Why Indiegogo’s Steve Tam says work-life balance doesn’t exist

Steve Tam

In case you missed it, #Firesideconf brought together 80 people from the tech community for speeches from fellow entrepreneurs, s’mores, and hanging out in a summer camp setting.

After lunch at #Firesideconf, Steve Tam, the Canadian marketing manager for tech and design at Indiegogo, gave his keynote address where he talked about the myth of work-life balance. “I hate talking about work-life balance because it implies that there are two finite sides of this scale, like you have to take away from work to get life or you have to take away something from life to do better at work,” Tam explained.

Instead, Tam’s approach to the mythical work-life balance is, simply, to find a middle ground. He said that, once we start removing those on/off switches where we’re only working or not working in certain spaces, it becomes much less stressful to work in certain spaces where you associate only with work, or vice versa. “Sometimes I can be on my phone in work mode, but I can also be in personal mode,” Tam said. “As I’ve started to remove barriers between what means work and what isn’t work, each of these spaces in your life start to become more enjoyable, so you don’t look at your office and think ‘I hate this space’.”

“We’re complacent in our current situations, and we don’t push the boundaries of the jobs that we’re in because we always think we’ll find it in the next job.”
– Steve Tam, Indiegogo

Tam said that people should commit to a one-year ‘mastering yourself’ program, where you ask yourself how you want to improve your work or life, and try to integrate those goals into your day-to-day life. Tam did this with trying to improve his public speaking skills. He started talking at a few events a few years ago, in what he called “super awkward, bad TA-style, reading-off-the-slide presentations,” and made it part of his work to give presentations on the Indiegogo brand, which meant that he could both improve his speaking skills and work at the same time.

“For a lot of companies, culture means having a ping pong table and going to the bar every Friday, but I think it runs much deeper than that,” Tam said. “Whether you’re a two-person team or a 200-person team, you need every person to be the best version of themselves. I think that companies that empower their employees are the ones that are growing the fastest.”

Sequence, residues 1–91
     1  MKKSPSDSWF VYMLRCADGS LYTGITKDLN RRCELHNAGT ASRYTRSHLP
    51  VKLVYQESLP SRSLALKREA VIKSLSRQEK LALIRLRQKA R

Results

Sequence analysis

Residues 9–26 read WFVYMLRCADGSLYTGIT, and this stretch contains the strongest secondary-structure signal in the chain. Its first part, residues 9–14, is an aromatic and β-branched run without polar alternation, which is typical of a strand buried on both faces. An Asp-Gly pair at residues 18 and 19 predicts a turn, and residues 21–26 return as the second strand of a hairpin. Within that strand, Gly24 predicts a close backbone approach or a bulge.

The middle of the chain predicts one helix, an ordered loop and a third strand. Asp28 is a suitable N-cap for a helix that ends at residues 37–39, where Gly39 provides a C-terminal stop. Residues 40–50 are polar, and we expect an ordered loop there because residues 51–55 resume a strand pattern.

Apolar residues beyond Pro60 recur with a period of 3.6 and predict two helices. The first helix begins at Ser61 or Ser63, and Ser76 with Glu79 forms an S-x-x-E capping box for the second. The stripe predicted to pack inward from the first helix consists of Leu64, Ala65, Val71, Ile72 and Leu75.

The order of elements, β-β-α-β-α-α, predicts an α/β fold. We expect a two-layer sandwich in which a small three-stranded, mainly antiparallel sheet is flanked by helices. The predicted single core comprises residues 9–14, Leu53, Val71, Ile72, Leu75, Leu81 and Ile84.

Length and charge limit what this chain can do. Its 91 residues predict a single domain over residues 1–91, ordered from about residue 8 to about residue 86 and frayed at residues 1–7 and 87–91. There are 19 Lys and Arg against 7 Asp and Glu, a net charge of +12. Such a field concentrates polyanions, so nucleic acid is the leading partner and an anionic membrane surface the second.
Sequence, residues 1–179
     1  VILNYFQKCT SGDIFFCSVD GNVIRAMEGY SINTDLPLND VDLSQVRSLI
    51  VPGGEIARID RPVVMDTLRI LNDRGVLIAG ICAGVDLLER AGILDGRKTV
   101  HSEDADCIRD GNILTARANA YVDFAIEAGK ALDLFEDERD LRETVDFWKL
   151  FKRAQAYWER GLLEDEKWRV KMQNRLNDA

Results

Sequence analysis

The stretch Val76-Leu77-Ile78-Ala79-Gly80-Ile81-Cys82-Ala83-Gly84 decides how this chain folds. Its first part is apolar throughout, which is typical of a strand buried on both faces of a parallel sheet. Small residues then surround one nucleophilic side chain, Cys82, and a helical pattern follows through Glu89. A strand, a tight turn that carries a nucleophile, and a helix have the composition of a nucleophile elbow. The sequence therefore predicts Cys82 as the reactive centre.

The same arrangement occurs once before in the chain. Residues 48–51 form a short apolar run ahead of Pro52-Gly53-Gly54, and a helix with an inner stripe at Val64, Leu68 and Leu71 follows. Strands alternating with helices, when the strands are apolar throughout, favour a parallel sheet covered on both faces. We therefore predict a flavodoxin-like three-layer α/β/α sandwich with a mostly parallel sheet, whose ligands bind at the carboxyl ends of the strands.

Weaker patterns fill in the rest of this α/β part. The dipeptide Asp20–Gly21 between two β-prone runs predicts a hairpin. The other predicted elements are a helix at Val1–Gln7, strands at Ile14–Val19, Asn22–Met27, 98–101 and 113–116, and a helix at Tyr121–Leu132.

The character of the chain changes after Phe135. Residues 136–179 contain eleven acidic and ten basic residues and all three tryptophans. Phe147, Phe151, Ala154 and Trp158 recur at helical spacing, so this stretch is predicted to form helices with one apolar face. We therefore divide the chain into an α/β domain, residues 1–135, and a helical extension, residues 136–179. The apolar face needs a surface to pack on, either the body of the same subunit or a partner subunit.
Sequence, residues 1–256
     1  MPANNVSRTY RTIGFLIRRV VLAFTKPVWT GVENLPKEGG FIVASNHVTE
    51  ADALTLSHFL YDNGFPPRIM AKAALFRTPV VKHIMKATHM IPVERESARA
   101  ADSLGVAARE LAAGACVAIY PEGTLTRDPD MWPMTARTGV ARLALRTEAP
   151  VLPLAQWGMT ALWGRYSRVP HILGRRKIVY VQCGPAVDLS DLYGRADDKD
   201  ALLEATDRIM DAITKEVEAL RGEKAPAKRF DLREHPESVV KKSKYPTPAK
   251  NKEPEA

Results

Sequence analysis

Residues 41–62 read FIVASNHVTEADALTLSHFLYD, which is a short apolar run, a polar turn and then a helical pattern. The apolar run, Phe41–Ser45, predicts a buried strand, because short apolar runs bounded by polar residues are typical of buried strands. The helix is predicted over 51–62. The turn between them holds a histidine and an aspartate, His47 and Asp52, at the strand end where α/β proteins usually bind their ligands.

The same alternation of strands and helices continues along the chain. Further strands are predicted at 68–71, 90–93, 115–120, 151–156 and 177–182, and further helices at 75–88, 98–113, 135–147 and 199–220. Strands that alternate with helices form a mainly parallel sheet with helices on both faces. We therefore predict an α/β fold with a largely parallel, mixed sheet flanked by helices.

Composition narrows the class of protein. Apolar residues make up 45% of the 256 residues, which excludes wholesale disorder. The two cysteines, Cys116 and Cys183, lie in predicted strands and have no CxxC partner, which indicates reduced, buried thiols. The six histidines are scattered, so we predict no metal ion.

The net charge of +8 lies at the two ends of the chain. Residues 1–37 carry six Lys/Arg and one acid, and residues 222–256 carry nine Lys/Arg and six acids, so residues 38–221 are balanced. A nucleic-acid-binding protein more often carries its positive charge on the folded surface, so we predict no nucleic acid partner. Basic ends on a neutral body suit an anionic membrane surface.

Tam explained that companies that giving employees room to grow is the start to building company culture. “Everyone wants a vacation until you spend a month on the beach and think that it’s boring, and everyone wants to work remotely until they realize it isn’t the best,” Tam said. “Healthy workspaces give employees space to learn what’s important to them and not assume everyone knows what they want. You need the freedom to do what’s important to you so you can feel fulfilled and inspired and bring that energy back to your workspace.”

To keep himself accountable, Tam provided a list of four key tips for his “mastering yourself” program to help people become better versions of themselves in their day-to-day life.

Surround yourself with people who live the life you want to live.

“I went through a massive friend turonver in the last four to five years, and a lot of people are unhappy with me,” Tam said. “It also means that the new group that I’m spending my time with are doing things that I admire and I’m passionate about, and it helps me to push my boundaries.”

Create physical spaces that you want to be in.

Tam said that everyone has that one space in their house that they’re proud of, whether it’s a bedroom, home office, or a kitchen. “I challenge you to take that passion you put into that space and do that to other spaces that you spend a large part of your day in,” Tam said.

Create three spaces of time.

“We’re really good at two spaces already. We’re good at working and not working. Try to get better at that space in between working and not working,” Tam said. As an example, he said that whenever he takes a vacation in another city, he tries to meet new people and do soft work. “I’ll find myself in an amazing conversation and coming back to that scene a few months later, and you start to expand the space where work is because we let it fall into the time where we’re not working.”

Focus on improvement in the present.

Tam said that people’s constant focus on getting the next great opportunity, the next great job, means that any focus on self-improvement is put into the future. “Push your current job and current position as far as possible until whoever you report to says ‘I don’t know if this is the right fit anymore’,” Tam said. “We’re very complacent in our current situations and we don’t push the boundaries of the jobs that we’re in because we always think we’ll find it in the next job.”

Photos courtesy Billy Lee @makingsenses.

Jessica Galang

Jessica Galang

Freelance tech writer. Former BetaKit News Editor.

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